Passed Over: Shorts You May Have Missed

Israel and the Jewish people around the world have been celebrating the Passover festival. The news cycle continues, however, bringing with it some issues and stories that you may have missed during the past week.


The Washington Post gave op-ed space to Hamas leader Mahmoud al-Zahar. To the paper’s credit, a staff-ed the same day explained the paper’s distaste for Zahar and Hamas. However, HonestReporting has previously criticized the Washington Post as well as other papers such as the New York Times and LA Times for giving Hamas a platform and we stand by this position.

Steve Emerson now points out that if the paper compensated Zahar for the commentary, the Washington Post would possibly be in breach of federal laws prohibiting money transactions to designated terror organizations. The Post pays a minimum $200 fee for op-eds; various factors can increase the amount. According to Emerson, the Post refuses to confirm what, if anything, it paid for the commentary.


In the past week or so, more headlines have appeared implying that Israel is responsible for cutting off fuel supplies to Gaza and creating a humanitarian crisis. Some media, such as the UK’s Observer, have recognized that this is not a black and white issue, noting that:

The immediate fuel crisis has been caused by a strike of Palestinian distributors, who claim that the small amounts of fuel being allowed into Gaza by Israel are not enough to distribute without causing civil unrest.

However, the same report fails to mention Hamas attacks against the very crossing points that supply Gaza with fuel and humanitarian aid, most recently an April 19 attack on the Kerem Shalom crossing that injured 13 Israeli soldiers. This followed an infiltration attempt on April 17 that also saw the forced closure of the Nahal Oz fuel depot, which was fired on by Palestinian snipers.

Despite Hamas attempts to manipulate the situation, Israel continues to allow humanitarian aid and fuel into the Gaza Strip even if the media fails to report it.


The death of any journalist who risks his or her life to bring stories from a combat zone is tragic and that of Reuters’ Palestinian cameraman Fadel Shana is no different. Israel has initiated an investigation into the incident but this has not prevented Human Rights Watch and some Palestinian sources from accusing Israel of deliberately targeting Shana. Writing in The Jerusalem Post, Calev Ben David addresses some salient points:


Gaza – all of it – is a war zone. This is not Israel’s doing, but that of its Hamas rulers, who have chosen to use every inch of it as a staging ground for indiscriminate terrorist acts specifically aimed at Israeli civilians.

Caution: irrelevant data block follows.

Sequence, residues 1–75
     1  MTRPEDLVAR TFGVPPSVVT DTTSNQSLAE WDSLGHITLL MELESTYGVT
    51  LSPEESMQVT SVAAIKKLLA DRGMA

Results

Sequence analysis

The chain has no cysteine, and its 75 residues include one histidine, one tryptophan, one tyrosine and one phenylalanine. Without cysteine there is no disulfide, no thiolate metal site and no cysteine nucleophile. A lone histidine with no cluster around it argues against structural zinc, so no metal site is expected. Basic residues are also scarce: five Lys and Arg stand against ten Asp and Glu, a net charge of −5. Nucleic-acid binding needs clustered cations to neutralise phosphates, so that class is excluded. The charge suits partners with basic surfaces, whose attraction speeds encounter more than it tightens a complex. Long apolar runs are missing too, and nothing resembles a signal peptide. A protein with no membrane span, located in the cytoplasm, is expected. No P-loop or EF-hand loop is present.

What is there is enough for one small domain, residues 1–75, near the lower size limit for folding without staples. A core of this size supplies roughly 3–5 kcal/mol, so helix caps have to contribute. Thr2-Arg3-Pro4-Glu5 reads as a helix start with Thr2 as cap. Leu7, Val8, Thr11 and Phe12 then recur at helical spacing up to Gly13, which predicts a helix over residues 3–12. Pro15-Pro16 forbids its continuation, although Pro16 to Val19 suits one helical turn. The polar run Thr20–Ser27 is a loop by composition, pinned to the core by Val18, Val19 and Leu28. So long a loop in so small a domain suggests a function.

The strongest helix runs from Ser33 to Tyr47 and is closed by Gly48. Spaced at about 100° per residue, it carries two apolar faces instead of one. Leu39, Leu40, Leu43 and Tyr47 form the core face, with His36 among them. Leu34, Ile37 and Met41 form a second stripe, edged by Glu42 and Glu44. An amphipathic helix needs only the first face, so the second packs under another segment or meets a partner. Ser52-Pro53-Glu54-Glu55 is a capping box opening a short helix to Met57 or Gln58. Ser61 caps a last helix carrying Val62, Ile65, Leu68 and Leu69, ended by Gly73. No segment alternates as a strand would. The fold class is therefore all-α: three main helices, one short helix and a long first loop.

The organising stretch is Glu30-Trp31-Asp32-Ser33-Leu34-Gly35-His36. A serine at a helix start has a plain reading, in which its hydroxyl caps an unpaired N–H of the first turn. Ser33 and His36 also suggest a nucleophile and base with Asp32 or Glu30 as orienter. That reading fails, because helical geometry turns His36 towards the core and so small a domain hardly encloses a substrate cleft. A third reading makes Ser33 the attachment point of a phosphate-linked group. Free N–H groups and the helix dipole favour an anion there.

The death of Shana came on a day of fierce gunfights in this part of Gaza, begun earlier when IDF forces detected Hamas gunmen attempting to penetrate the border fence, and moved in to intercept them – with the result being the death of three soldiers, a fact that several subsequent media accounts of the incident have failed to mention.

Almost all of the articles do mention that Shana was wearing a vest marked “Press,” as was his vehicle parked next to him – one of the reasons HRW claims his death may have been deliberate. As it turns out, Shana actually succeeded in filming the tank as it fired near his position right before he was killed. In the frames of that footage available on the Internet, it is not easy to make out any of the details of the tank, which reportedly was some 1.5 kilometers away. Thus, it would certainly have been difficult for the tank crew to make out “Press” markings from that distance with the naked eye.

But even if they had, there is no guarantee they would have held their fire if they believed there was Palestinian shooting emanating from that particular area. And unfortunately, Gazan terrorists have also utilized vehicles disguised with “Press” markings, including in an attempted car-bombing attack on a border position last June.


The 18 minutes of raw footage France 2 screened in court last year (out of the full 27 minutes that France 2 allegedly has in its posession) were posted on YouTube. The same person also posted what’s billed as “the 10 seconds never shown by France 2.” Click on the images below to view the 18 minutes of rushes in two parts.








Following up on  our previous communique, The Jerusalem Post reported that Mahmoud Abbas informed Israel that awards for two Palestinian terrorists were withdrawn. This is an example of how media exposure can affect the behavior of the Palestinian Authority. Equally, if the media continues to focus solely on Israel at the expense of holding Palestinians accountable for their actions, it does a disservice to it
s readers, viewers and to the Palestinians themselves.


HonestReporting Canada is pleased to announce the launch of a Montreal office and expansion of its monitoring efforts to include French-language Canadian media coverage of Israel.